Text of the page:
The tree itself is huge. One needs to get close to it to appreciate its scale. The unkempt lot it sits on does nothing to add to its beauty. The county does have Code Enforcement requirements that are likely being violated in that regard. But Code Enforcement is a reactive not proactive entity. In other words "If you don't complain, they don't act."

Yes, some greenspace there would be a nice interlude to the hubbub of Toco Hill Shopping Center.

Now let's get our terminology straight. Toco Hill (Singular", being a contraction of "Top of the County" contains Kroger and exends around the corner. Toco Hills (Plural) is the contiguous extension that contains Publix. And I believe they have wholly separate owners.

Be that as it may, installing another "Semi-Fast Food" joint in that spot would be a desecration of the ancient tree that stands there. While hollowed out it's probably been on the verge of dying longer than most of us have been alive. I can't imagine the things it's seen. Sad too was the loss of the house that occupied the site. But it had become a haven for the usual ne'r-do-wells that espy an abandoned abode.

And, we must ask ourselves — Do we really need another drive up window that serves food that calls itself "Mexican" but would not be recognized as such by many self respecting Mexicanos. I say "No". I would think this to a good use of 'eminent domain'. If for nothing else, respect for our elders, even if that elder cannot speak for itself.

Anonymous said...

"But code Enforcement is a reactive not proactive entity. In other words, if you don't complain, they don't act."

Even when we DO complain, they often act very, very slowly slowly, if at all. This is yet another reason why we need a new city of Lakeside.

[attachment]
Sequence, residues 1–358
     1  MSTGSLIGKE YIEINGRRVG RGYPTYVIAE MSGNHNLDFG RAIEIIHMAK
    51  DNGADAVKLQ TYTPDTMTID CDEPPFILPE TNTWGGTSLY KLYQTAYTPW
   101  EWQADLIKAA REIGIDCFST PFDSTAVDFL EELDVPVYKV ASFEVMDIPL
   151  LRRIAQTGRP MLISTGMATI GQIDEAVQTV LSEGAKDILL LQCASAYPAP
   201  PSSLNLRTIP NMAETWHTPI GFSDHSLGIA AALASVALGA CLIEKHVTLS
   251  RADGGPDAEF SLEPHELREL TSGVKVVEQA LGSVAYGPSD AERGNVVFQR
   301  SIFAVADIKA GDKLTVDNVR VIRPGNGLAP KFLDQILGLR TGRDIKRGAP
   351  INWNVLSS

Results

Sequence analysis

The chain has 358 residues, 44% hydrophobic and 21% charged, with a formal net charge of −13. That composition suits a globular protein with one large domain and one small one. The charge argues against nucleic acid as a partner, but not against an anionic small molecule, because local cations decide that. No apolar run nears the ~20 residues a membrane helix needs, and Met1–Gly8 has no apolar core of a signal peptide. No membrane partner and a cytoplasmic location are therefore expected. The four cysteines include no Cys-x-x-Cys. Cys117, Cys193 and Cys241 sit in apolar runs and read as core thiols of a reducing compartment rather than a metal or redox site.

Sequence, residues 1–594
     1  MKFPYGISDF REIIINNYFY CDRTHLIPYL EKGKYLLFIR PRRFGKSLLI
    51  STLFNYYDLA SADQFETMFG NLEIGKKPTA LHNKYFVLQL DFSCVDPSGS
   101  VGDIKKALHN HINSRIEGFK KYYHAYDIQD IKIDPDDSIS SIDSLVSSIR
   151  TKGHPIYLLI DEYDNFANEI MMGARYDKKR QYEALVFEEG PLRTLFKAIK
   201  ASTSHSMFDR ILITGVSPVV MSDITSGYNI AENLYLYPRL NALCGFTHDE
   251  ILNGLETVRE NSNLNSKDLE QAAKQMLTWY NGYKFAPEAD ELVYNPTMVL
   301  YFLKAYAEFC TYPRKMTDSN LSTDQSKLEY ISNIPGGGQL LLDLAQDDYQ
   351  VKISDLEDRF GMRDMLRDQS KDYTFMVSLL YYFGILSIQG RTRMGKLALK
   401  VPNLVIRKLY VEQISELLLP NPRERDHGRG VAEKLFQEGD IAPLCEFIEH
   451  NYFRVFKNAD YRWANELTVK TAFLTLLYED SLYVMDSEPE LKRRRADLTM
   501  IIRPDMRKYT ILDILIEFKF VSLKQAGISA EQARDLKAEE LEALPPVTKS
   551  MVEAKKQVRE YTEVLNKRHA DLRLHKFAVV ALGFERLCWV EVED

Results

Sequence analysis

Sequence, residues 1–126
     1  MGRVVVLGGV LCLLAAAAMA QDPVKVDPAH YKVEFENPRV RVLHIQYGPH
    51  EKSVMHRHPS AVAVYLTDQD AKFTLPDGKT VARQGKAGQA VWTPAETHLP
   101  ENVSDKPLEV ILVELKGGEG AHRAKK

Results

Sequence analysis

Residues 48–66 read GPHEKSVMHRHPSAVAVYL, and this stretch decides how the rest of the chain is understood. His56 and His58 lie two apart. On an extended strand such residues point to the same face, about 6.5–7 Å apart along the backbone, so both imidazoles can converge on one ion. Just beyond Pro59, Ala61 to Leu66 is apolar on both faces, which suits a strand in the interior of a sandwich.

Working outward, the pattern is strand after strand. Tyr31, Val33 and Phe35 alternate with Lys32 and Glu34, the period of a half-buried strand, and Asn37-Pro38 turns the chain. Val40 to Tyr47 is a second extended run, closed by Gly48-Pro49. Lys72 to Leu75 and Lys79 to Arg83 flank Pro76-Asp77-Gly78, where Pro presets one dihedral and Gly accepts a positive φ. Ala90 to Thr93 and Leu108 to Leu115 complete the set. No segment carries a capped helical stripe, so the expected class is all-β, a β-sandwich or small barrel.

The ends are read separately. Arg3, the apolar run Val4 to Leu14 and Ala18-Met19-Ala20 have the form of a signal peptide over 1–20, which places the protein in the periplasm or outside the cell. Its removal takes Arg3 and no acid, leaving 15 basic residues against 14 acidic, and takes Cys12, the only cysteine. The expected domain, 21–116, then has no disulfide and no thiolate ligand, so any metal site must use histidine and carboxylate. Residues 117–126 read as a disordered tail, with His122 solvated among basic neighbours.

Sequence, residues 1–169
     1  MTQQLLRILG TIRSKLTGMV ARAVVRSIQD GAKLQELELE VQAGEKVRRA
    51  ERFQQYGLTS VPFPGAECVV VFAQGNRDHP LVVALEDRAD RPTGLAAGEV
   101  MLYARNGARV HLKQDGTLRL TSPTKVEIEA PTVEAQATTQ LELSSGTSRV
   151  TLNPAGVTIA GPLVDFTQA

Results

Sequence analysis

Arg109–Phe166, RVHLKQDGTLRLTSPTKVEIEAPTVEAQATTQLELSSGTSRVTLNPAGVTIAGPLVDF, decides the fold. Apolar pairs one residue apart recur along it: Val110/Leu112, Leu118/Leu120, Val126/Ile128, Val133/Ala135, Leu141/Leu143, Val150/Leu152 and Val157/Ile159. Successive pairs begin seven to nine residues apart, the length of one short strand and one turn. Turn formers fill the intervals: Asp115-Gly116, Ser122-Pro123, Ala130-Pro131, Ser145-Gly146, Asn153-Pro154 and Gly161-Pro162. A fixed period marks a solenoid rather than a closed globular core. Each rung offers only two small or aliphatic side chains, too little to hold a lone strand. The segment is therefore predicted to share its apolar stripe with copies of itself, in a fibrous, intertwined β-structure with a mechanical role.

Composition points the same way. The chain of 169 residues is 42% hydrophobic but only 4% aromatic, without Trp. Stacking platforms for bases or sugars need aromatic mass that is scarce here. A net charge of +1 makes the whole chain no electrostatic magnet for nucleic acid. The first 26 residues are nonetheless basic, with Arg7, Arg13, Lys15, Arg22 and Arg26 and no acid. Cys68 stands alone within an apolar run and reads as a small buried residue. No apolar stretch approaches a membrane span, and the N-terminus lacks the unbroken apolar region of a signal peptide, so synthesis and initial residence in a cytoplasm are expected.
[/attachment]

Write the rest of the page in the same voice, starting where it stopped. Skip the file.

Anonymous said...

That parcel is the only thing offsetting that giant cinder block that is the AT&T building.

Anonymous said...

KEEP the tree!!!!! The greenspace is a nice break from the commercial concrete that surrounds it. We don't need aanother restaurant. We had a Pollo Loco on the site where Einstein Bagels is currently located and it didn't survive. How about a park for kids?

Anonymous said...

A park? I wouldn't want to take my kids or go relax at a park in a Kroger parking lot next to a busy road.

I think the landowner should have the right to remove the tree if they'd like to.

Anonymous said...

I love trees and parks, too, but if you owned land in a decidedly commercial area would you give up the potential $100k+ annual ground lease revenue to make it a park?

DHMike said...

The lot is an eyesore. Cleaning up the lot with nice new development and fresh landscaping will improve the area.
The idea of a park in front of a Kroger is ridiculous. The value of this lot is woth acres of green space elsewhere and we already have parks within walking distance.

Dekalb County needs tax revenue. Dekalb county schools need property tax revenue for our schools. My teenager and many other area residents could use a job that he could walk to.

I want to spend Cinco de Mayo 2015 at our new Cabana Grille.